Updated: Apr 29, 2022
Just so you know, there is a video at the conclusion of this post, but it’s cheating if you scroll to the bottom first.
It’s been almost three months since Erin and I boarded a 777 bound for Ghana. In Accra, the welcome sign in the Kotoka Airport boasts the country as “The Gateway to Africa,” and this may be true. Economy Watch listed Ghana as the fastest growing economy in 2011, citing a GDP Growth Rate of 20.146%. The GDP is forecasted to grow by at least 8% in 2012. The country also has one of the strongest democracies in Africa, and President Obama’s travel there in 2009 was viewed as endorsement of Ghana’s stability. It’s younger urban population has a growing middle class that is smart, educated, and committed to improving conditions in the country. The airport sign may not be a far-fetched boast.
And then, you enter the villages.
Suddenly all the talk of a bourgeoning economy, foreign investment, and a strong democracy seem irrelevant. Many roads are impassable and houses are crumbling because of erosion. Schools are under-resourced and often lack basic supplies and trained teachers. To be fair, these conditions exist in the cities, but the cities are also where things get noticed – and perhaps addressed. The villages are harder to get to, have few resources, and feel far removed from the booming economic growth that is taking place in both Accra and Kumasi. But it was in the villages that we met the children. We spent time in after-school tutoring sessions with six beautiful boys and girls ages 7 to 18.
There is a familiar sentiment that goes like this: “children are children everywhere.” I can almost agree with that when I watch a 10-year-old Ghanaian boy stuff three pieces of pink bubblegum in his mouth, knowing that given the option, that is exactly what my 11-year-old daughter back in the U.S. would do. On the roadside in the village where we worked, I saw two little girls in tattered dresses sitting cross-legged in front of a small fruit stand where, hopefully, their mother was scratching out some kind of existence to feed them. They were facing one another and happily doing one of those little-girl hand clapping games while chanting in the regional language, Twi. And in an orphanage, I saw chalked hopscotch squares in the courtyard and inside found children sprawled in front of an old console television set. Children there are really just the same as children here, people like to say. But they’re not. Yes, they love bubblegum, hopscotch, and hand-clapping games, but then there is the reality of life in a developing country.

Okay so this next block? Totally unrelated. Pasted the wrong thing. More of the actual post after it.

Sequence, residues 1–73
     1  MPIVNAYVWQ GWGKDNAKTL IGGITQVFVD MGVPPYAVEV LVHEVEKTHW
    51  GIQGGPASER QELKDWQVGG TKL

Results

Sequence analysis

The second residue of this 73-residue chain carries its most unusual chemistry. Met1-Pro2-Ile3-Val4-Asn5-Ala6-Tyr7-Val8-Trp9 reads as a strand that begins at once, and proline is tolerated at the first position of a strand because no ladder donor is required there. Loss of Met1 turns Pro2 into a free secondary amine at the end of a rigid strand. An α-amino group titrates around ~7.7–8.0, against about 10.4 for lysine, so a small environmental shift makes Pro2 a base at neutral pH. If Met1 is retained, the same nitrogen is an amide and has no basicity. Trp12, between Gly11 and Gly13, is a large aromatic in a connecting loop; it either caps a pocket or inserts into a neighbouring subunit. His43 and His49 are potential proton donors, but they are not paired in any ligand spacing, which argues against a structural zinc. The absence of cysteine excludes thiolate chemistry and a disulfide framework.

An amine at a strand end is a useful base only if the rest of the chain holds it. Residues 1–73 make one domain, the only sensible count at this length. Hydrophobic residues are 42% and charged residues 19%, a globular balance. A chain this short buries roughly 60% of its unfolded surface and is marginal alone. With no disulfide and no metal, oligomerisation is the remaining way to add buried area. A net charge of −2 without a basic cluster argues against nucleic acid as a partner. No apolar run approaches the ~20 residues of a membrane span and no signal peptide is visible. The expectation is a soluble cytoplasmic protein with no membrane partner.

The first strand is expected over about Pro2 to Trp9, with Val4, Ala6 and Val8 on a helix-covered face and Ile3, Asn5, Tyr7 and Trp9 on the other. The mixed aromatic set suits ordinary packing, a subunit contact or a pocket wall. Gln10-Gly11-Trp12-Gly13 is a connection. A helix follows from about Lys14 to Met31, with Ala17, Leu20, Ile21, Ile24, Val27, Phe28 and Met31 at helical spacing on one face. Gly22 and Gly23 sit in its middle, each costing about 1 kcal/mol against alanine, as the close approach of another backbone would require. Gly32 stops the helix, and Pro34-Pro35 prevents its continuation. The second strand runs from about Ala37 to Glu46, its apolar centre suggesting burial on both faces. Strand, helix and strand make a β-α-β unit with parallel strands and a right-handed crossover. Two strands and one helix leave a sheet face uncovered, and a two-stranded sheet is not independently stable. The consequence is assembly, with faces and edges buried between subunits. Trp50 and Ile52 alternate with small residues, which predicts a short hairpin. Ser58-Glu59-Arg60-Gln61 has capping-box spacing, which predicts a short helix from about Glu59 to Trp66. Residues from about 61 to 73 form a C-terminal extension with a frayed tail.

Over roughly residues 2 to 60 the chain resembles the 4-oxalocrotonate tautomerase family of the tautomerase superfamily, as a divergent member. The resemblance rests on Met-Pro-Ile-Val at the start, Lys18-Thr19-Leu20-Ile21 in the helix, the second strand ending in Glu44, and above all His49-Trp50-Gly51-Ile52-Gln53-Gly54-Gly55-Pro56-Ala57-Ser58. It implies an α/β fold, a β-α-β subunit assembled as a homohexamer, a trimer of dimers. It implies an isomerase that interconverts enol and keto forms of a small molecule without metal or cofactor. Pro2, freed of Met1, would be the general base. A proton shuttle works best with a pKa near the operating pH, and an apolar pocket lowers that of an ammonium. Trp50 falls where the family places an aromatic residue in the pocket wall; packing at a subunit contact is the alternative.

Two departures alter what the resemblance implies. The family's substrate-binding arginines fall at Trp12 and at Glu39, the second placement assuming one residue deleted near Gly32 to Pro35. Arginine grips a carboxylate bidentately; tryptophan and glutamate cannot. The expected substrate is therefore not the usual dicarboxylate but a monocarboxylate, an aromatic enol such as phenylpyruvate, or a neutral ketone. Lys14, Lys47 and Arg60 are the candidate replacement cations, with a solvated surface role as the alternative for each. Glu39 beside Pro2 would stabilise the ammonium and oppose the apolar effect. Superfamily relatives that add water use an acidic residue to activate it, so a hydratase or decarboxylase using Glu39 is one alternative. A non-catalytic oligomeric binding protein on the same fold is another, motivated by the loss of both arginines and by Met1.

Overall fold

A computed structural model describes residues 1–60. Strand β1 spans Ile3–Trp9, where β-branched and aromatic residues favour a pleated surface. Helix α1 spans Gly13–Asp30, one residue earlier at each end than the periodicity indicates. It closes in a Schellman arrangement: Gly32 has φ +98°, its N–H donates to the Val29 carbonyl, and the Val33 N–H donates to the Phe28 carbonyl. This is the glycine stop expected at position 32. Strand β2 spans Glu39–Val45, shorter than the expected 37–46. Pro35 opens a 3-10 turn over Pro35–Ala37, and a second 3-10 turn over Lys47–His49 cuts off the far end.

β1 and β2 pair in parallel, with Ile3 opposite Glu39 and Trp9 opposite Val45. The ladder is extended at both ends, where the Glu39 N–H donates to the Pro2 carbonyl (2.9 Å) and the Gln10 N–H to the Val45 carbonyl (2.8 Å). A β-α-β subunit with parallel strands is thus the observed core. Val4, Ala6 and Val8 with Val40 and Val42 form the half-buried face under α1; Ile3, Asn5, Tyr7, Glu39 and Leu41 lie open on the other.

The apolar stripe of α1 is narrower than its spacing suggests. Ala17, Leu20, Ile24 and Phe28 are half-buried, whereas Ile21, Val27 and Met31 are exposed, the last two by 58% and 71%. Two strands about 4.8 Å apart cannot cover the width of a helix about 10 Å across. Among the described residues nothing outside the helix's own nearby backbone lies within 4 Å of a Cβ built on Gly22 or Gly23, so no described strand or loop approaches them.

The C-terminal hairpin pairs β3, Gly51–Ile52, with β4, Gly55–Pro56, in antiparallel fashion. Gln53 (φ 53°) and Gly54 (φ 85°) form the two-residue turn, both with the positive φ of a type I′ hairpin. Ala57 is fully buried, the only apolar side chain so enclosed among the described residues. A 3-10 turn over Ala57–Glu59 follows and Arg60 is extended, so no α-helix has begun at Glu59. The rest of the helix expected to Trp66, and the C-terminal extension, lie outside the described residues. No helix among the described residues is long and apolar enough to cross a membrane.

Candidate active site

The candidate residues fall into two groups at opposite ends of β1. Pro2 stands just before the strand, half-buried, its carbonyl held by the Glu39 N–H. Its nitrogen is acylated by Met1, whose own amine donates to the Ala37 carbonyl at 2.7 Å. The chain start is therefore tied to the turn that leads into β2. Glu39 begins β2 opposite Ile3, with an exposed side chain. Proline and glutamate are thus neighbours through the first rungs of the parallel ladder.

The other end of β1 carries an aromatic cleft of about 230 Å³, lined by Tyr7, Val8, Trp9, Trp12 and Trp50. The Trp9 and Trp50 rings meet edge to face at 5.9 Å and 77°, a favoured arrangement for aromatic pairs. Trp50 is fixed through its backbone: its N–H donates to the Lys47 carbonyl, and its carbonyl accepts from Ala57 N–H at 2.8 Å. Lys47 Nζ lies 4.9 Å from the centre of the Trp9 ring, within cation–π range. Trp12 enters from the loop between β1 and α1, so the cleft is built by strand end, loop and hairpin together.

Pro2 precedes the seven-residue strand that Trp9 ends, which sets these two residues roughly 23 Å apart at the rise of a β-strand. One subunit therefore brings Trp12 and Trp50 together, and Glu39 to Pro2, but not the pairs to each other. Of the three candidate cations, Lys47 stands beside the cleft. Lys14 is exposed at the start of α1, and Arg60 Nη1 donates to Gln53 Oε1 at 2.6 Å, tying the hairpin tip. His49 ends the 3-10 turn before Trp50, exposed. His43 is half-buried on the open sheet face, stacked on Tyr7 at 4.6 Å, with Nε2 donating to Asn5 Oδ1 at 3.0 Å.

Consider this: Children there have impoverished parents who sometimes feel desperate enough to sell them into servitude. Children as young as four years old end up on Lake Volta untangling nets from beneath fishing boats in cold, dark waters. And sometimes they die in those cold waters. It’s called child trafficking and it’s prolific in Ghana.
Children there are fortunate if their parents can pay for school supplies and uniforms through their high school years. And in the rural villages, transportation is not provided for children to and from school. After primary school, the dropout rate in Ghana is high. Children who leave school are put to work to help feed the family, hoisting bowls on top of their heads to carry water bags, SIM cards, fruit and other items to peddle, or they work the family farm (which usually consists of one or two crops of vegetables and fruit). Sometimes, they are just needed at home to provide care for younger children, which ends their childhood far too early.
Children there are not given names as infants until they are 10 days old. If they die before then, it makes it easier to bury them and move on.
It’s overwhelming and much easier to revel in the “children are children everywhere” sentiment than to admit that there is a deep and wide injustice at work in the world when it comes to those who are the most vulnerable.
What to do?
We asked the same question, and came up with what seemed like a small answer, but we’re going with it.
We found a village. Actually, it found us. Ankaase is located in the Ashanti region of central Ghana, and the name means “under the orange tree.” It’s a place with streets and fields of red clay dirt, houses that have been cobbled together with tin and boards, and families who will welcome you to their home by pulling up chairs in the front dirt and asking you to tell your story. This is the place where we met our six children and their families. This is where we laughed with them, cried for them, and realized that our hearts will forever be intertwined with this village. We want to get creative, courageous, and maybe a little crazy about what we can do in this place. We returned home with more than sweet sentiments for the children there. We brought home in our hearts a village, and the resolve to make a difference for the children who live in this small corner of Africa’s gateway.